After The Pittsburgh Tragedy

It has been 2 days since the Jewish community was attacked and 11 died in Pittsburgh. Two days during which I have been grappling with what to say to you, as I felt that anything I could say would sound trite…

Let’s begin with a prayer…
After a Deadly Anti-Semitic Attack
by Rabbi Alden Solovy

Source and Creator,
Grant a perfect rest under your tabernacle of peace
To the victims of murder in
PITTSBURGH
Whose lives were cut off by violence,
An act of witless aggression
And calculated anti-Semitism.

Remember the survivors of this horror,
And the victims of any violence, suffering or despair.
Grant them shelter and solace,
Comfort and consolation,
Blessing and renewal.

Grant them endurance to survive,
Strength to rebuild,
Faith to mourn,
Courage to heal,
And devotion to each other.

Heavenly Guide,
Hand of love and shelter,
Put an end to anger and hatred,
Bigotry and fear,
And lead us to a time when no one
Suffers at the hand of another.

For the sake of our people,
And for the sake of Your Holy Name,
Grant the Jews of America,
Your protection,
Your wholeness and healing,
And Your peace. Amen.

We’re angry. We’re heartbroken. We’re distraught. We’re even a little bit surprised. Who gave antisemitism in America permission to crawl out from under its rock?! Oh. Right.

So what do we do with our heartbreak and anger? They seem to be the same emotion traveling in opposite directions, with heartbreak concentrated inward, and anger concentrated outward.

When we focus on our heartbreak, we are often reduced to tears. This is okay as an immediate release of emotion, but exhausting and unsustainable as a long term response. Anger is the better long term response. As the shock wears off and your heartbreak begins to dull, I ask you to hold onto your anger and let it rise. I ask you to exact revenge for the heinous acts that took place in Pittsburgh this past Shabbat morning.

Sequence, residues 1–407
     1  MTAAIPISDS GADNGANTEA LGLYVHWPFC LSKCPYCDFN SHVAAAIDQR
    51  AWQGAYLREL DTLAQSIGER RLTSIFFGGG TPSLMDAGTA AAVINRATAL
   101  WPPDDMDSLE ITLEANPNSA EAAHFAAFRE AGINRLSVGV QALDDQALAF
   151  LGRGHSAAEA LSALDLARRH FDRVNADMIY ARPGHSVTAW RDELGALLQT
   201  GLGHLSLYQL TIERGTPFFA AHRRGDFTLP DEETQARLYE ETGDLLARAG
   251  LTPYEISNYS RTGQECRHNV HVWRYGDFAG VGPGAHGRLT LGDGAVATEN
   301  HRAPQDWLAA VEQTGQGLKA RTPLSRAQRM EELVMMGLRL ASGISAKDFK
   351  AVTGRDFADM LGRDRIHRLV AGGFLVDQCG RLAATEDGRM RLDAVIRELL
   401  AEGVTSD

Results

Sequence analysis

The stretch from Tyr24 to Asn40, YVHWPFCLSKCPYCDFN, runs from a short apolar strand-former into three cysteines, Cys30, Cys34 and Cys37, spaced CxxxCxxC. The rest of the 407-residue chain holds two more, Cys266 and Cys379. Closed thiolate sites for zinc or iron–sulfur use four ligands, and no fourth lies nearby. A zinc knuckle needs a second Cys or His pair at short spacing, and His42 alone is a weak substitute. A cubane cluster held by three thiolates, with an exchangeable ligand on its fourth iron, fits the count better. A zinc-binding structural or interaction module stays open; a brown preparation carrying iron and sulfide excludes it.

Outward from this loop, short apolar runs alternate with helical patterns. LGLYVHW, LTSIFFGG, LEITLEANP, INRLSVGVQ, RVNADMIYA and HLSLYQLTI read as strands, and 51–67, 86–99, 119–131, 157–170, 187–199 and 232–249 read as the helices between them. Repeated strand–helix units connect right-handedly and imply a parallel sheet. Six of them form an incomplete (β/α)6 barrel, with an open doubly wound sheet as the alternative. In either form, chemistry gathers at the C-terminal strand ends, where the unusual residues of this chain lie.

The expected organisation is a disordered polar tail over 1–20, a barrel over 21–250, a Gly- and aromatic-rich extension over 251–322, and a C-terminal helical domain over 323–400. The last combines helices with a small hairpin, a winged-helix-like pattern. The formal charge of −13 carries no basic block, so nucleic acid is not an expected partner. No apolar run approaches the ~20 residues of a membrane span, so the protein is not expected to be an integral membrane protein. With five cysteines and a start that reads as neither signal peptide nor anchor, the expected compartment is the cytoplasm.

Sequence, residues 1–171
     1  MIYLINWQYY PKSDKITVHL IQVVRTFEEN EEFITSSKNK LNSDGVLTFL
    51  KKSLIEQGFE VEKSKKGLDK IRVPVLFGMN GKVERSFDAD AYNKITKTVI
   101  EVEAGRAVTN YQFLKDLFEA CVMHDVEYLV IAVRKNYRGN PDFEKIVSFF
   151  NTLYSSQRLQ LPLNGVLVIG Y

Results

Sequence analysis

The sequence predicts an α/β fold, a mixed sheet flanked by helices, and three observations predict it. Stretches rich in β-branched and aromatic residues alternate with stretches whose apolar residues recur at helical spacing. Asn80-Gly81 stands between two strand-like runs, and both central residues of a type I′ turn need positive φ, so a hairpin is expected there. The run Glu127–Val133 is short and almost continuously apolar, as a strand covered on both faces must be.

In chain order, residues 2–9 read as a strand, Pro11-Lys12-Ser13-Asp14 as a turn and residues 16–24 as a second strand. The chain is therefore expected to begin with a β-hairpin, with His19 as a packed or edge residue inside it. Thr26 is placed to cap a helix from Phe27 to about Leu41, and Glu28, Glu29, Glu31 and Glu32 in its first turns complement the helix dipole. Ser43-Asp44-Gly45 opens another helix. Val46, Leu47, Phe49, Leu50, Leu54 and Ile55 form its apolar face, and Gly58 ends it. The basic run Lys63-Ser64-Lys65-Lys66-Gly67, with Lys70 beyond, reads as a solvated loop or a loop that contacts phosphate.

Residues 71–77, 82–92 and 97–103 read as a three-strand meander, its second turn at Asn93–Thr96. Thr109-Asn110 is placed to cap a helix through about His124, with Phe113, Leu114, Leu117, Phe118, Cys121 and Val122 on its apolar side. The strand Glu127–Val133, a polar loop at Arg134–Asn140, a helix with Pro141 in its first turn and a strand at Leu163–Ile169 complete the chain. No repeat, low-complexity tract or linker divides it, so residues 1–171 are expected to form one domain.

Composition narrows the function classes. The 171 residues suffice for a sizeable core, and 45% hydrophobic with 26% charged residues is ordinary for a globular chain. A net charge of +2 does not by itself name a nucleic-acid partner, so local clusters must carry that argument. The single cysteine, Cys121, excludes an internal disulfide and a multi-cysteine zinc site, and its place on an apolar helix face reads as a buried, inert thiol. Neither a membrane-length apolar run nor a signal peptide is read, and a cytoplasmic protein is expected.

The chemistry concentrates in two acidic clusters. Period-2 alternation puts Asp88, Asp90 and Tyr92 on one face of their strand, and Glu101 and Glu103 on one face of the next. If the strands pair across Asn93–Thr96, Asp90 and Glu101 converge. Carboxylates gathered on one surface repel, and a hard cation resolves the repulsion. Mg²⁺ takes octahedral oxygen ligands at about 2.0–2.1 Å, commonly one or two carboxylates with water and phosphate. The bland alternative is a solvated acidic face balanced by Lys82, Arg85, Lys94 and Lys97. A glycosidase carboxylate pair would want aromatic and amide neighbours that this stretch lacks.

Is this a call to violence? No. Gandhi admonished us that “an eye for an eye will only make the whole world blind,” and he was right. It’s human to have thoughts of revenge, but revenge in the ‘eye for an eye’ sense keeps us connected to those against whom we desire revenge, instead of keeping us connected to their victims.

No, the form of revenge we should take is the one that will allow us to cause pain to white nationalists simply by being openly proud, tolerant Jews. Saturday’s victims were killed because they were Jewish, and also because they were hated for their support of refugees. Take revenge by living your Judaism openly and boldly. Take revenge by supporting and fighting on behalf of refugees. Take revenge by standing together with all victims of hate.

It’s important to remember that although we live in a time of violent speech and violent acts, we are mostly surrounded by people who are as sickened by this as we are.

I thus leave you with this modern update on “First They Came”:

First they came for the Muslims and I was not a Muslim. But I said, “Not on my watch!”

Then they came for the undocumented and my grandparents were undocumented, and I said, “Refugees make America great.”

Then they came for trans and binary people, and I said, “We are all created in God’s image, no exceptions!”

And then they came for women survivors of assault. And I said, “Are you friggin kidding?”

And they have been coming since before we were a nation for indigenous people and black people. And I haven’t said enough.

And then they came for Jews. And I am a Jew.

And friends of different faiths and races and sexual and gender identities stood with me and said, “We will outlive them!”           

by Rabbi Nancy Fuchs Kreimer

We can overcome hate and darkness with Love (Ahava) and Light. It may be trite, but it’s also true.

Daniel Stein, 71
Joyce Fienberg, 75
Richard Gottfried, 65
Rose Mallinger, 97
Jerry Rabinowitz, 66
Cecil Rosenthal, 59
David Rosenthal, 54
Bernice Simon, 84
Sylvan Simon, 86
Melvin Wax, 88
Irving Younger, 69

Wounded congregants – two
Wounded law enforcement officers – four

B’ahava,
Cantor Jacqui

“Do not be daunted by the enormity of the world’s grief…. You are not obligated to complete the work, but neither are you free to abandon it.”  TALMUD

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